There are many recipes which call for using fruit peel anaerobic fermentation process to make a concentrated enzyme cleaner solution. So the question arises that does this recipe really have those cleaning enzymes apart from the usual alcohol and how are these enzymes generated?

This article says that it may not have enzymes but some other cleaning agents like vinegar and alcohol.

A discussion from two independent researchers on this topic give seemingly contrasting positions

  • Is that page essentially saying that there are enzymes in it (from the yeast) but because commercial cleaners do not use yeast enzymes there are no enzyme in it?
    – nico
    Sep 11, 2014 at 20:02
  • The first link names it @enzyme@ cleaner
    – skept101
    Sep 12, 2014 at 11:15

1 Answer 1


What chemicals can be produced from orange peels?

A Google Books summary of a recent review article informs me that the article says that the chemicals that can plausibly be made from orange peels include D-limonene, pectin, ethanol, methane, and pectinase. The reason I assume this list is complete is because it comes from a review article summarizing everything that orange juice manufacturers are trying to do to recycle orange peels. If you could make eco-friendly Windex from them, the Tropicana company would be jumping on it.

Can these chemicals help in cleaning?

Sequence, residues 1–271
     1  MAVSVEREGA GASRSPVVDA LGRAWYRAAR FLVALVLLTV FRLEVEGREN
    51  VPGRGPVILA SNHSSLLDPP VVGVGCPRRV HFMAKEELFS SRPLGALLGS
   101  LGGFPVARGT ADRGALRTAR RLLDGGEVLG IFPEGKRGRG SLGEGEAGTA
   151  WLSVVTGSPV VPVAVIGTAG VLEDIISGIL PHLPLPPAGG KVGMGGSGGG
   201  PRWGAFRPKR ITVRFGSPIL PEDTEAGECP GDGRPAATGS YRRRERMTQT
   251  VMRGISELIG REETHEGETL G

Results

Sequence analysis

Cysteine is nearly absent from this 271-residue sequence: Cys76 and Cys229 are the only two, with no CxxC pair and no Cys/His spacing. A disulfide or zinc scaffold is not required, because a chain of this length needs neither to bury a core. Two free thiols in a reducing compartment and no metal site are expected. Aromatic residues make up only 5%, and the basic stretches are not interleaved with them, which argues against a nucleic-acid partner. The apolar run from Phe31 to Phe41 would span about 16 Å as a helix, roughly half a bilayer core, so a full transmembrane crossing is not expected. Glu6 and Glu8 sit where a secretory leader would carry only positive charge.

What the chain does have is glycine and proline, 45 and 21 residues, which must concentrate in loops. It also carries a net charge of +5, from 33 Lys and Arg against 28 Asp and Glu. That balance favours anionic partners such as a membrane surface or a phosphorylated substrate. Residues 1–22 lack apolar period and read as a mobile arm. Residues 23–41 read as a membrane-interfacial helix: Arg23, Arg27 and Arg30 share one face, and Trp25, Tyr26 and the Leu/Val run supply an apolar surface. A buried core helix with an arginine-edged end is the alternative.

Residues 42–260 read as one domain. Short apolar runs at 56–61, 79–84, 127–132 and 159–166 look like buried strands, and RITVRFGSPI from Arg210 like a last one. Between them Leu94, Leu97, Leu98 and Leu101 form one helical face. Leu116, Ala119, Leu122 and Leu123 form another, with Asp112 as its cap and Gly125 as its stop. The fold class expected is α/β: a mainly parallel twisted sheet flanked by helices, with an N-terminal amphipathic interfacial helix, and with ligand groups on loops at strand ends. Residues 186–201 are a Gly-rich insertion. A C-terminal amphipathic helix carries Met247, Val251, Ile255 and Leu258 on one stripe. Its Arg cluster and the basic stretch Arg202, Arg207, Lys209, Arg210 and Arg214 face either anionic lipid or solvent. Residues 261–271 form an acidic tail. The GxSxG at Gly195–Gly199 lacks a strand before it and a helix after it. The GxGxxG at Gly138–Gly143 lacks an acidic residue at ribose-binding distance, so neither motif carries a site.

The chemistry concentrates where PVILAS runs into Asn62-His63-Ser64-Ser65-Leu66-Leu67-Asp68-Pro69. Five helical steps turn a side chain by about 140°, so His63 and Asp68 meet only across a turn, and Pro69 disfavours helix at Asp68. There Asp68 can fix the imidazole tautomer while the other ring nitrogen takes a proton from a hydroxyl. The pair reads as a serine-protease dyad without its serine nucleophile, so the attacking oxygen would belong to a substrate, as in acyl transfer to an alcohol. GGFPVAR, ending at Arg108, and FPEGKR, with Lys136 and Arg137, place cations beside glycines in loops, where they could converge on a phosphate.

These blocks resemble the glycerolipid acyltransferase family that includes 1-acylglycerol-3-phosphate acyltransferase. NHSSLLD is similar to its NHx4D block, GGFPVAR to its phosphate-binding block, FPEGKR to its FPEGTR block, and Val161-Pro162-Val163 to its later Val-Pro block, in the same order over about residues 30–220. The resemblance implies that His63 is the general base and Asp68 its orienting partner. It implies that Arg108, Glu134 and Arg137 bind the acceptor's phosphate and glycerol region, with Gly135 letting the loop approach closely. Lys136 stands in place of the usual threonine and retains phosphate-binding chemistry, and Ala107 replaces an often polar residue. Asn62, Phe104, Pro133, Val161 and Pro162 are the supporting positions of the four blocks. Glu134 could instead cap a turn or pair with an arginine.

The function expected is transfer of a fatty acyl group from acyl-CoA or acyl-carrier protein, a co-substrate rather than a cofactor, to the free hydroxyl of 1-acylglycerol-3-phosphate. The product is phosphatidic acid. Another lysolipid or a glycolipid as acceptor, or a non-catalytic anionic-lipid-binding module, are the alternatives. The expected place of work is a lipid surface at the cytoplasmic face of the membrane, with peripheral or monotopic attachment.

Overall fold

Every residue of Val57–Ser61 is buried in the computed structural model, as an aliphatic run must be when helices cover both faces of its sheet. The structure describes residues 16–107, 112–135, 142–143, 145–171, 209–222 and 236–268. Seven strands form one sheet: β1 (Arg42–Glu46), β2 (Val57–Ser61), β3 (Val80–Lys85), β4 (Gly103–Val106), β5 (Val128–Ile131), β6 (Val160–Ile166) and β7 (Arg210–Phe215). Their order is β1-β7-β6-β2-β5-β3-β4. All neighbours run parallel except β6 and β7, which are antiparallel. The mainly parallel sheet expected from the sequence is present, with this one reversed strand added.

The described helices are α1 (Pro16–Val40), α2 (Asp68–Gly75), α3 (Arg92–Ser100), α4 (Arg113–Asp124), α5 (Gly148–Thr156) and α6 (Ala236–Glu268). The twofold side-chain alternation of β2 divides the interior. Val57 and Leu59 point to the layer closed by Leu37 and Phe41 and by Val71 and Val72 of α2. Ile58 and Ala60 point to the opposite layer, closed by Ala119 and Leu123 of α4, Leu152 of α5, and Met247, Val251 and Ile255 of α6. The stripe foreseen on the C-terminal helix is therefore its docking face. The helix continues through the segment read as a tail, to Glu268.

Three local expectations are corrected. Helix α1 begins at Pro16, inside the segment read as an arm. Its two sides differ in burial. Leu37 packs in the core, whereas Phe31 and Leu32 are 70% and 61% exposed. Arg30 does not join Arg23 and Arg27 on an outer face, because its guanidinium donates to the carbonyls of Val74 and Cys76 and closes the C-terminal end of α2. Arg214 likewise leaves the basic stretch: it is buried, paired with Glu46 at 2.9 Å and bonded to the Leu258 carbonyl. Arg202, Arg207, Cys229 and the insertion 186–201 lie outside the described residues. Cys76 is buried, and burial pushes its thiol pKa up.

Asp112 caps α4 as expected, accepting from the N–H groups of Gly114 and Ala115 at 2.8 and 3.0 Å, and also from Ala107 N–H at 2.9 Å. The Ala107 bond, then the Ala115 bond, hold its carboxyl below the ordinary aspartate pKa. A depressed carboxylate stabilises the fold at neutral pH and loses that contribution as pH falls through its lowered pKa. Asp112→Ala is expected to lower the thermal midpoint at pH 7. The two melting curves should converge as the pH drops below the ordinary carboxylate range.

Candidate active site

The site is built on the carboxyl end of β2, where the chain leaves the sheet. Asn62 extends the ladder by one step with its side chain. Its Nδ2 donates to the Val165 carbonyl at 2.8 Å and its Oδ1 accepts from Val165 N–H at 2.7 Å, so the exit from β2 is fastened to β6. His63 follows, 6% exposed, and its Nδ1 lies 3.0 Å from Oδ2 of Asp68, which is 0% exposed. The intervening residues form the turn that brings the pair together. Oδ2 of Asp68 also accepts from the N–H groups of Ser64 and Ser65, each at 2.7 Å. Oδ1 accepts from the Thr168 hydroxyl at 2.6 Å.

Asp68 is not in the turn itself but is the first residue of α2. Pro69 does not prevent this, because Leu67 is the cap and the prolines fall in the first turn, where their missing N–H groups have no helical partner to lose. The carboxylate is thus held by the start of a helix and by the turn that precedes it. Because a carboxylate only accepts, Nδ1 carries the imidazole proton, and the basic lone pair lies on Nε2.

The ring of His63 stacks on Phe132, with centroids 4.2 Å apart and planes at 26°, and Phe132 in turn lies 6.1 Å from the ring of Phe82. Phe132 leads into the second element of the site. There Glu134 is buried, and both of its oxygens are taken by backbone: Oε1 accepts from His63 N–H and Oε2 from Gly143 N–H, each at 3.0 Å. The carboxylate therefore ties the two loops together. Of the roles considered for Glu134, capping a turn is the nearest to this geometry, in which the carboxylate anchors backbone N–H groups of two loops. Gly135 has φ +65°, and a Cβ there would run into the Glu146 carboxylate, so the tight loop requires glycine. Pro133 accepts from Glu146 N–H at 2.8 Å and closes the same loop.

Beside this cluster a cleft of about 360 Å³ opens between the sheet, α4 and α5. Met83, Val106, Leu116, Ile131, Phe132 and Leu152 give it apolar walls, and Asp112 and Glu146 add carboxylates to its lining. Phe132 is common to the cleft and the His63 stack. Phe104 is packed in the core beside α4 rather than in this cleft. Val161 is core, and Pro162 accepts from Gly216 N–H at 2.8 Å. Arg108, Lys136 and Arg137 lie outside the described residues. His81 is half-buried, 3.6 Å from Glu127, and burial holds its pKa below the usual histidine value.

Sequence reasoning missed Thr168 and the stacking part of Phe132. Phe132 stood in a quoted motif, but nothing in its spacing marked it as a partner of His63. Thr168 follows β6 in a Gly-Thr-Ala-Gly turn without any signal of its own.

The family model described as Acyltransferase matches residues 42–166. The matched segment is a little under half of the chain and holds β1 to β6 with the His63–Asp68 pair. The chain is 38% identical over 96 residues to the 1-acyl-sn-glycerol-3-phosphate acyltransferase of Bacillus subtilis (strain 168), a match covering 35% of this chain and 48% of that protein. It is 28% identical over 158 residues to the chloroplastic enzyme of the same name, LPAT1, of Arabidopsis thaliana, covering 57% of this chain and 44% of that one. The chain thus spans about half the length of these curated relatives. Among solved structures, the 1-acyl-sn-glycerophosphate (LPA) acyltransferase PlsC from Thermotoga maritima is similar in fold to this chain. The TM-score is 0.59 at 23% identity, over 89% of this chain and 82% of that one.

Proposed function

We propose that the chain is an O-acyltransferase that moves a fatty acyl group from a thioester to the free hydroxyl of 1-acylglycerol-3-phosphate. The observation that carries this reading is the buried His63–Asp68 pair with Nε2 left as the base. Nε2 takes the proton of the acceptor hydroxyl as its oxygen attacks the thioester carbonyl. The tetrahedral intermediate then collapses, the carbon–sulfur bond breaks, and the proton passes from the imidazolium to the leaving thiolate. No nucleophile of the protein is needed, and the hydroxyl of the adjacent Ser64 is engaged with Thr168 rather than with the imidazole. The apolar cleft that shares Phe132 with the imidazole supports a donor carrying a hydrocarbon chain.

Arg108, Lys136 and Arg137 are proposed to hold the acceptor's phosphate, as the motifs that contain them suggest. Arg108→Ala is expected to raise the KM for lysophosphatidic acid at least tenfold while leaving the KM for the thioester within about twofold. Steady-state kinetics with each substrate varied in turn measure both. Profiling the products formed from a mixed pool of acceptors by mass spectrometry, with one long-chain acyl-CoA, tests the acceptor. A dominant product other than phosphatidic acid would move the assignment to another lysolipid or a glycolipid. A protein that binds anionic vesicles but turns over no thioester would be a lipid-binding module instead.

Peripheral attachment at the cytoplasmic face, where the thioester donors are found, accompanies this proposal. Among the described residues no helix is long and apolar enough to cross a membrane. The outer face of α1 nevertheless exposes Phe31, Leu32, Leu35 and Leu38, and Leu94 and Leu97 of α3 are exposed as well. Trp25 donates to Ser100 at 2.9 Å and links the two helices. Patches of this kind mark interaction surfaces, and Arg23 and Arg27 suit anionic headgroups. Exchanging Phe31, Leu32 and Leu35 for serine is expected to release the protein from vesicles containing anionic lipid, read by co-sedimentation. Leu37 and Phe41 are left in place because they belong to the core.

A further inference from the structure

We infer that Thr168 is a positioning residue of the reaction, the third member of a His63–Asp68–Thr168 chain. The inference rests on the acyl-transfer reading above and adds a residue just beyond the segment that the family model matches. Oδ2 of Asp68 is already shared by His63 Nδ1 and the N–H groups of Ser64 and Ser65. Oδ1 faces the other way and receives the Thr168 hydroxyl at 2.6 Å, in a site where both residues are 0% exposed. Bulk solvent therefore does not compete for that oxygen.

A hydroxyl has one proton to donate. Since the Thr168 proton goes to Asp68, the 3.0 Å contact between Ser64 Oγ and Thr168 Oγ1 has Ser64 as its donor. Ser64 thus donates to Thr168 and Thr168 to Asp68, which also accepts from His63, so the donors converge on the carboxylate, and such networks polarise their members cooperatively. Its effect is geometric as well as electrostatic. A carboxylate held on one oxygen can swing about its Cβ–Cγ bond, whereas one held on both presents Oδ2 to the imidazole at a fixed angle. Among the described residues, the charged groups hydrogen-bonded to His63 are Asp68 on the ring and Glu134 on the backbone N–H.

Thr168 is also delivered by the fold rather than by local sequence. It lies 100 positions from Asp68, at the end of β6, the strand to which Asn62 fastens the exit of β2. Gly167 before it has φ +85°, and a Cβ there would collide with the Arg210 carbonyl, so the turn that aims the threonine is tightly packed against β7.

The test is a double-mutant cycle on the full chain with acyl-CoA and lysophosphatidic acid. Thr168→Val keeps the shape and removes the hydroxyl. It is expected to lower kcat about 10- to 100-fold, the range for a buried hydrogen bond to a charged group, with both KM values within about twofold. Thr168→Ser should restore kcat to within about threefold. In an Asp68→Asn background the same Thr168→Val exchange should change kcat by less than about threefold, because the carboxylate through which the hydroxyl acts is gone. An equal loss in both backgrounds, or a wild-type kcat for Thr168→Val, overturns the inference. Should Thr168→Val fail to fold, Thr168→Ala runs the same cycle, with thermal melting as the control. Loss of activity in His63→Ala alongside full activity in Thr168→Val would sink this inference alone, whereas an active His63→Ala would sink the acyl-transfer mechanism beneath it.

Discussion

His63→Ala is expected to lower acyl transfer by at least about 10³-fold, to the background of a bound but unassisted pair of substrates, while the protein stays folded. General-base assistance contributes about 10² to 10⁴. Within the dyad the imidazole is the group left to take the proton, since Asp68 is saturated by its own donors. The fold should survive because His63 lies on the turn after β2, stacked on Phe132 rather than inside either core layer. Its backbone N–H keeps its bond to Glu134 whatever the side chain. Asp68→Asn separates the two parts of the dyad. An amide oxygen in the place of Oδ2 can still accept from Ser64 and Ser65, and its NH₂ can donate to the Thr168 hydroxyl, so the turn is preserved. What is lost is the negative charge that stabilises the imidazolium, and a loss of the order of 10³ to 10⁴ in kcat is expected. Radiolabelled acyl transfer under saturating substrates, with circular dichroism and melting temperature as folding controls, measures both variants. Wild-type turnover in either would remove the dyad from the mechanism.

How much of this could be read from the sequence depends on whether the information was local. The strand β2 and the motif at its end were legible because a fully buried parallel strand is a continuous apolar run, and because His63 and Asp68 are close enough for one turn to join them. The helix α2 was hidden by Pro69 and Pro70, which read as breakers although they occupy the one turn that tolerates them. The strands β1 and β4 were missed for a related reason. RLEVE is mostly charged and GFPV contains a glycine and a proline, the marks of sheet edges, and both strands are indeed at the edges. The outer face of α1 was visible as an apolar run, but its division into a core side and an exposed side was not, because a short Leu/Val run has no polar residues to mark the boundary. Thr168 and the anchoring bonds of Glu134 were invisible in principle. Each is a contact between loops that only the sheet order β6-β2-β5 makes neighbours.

Yes, ethanol is great for cleaning stuff and D-limonene smells like orange. But I believe you figured this out yourself.

I am satisfied from the review article above that the only enzyme easily extractable from orange peels is pectinase, which helps break down fruit fibers into sugars. You can use it to make liquor.


Orange peels and sugar make a natural ethanol solution that smells nice.

  • thanks , but do these enzyme survive the process
    – skept101
    Oct 26, 2014 at 5:10
  • 1
    Please don't hurt me if this is wrong (I failed high school chemistry), but enzymes generally assist in chemical changes, and I am reading online that pectinase helps make this ethanol. So I am assuming the pectinase is still there as long as the fermentation is not complete. But it's not a cleaning agent, unless if you are making juice or liquor.
    – Avery
    Oct 26, 2014 at 7:13

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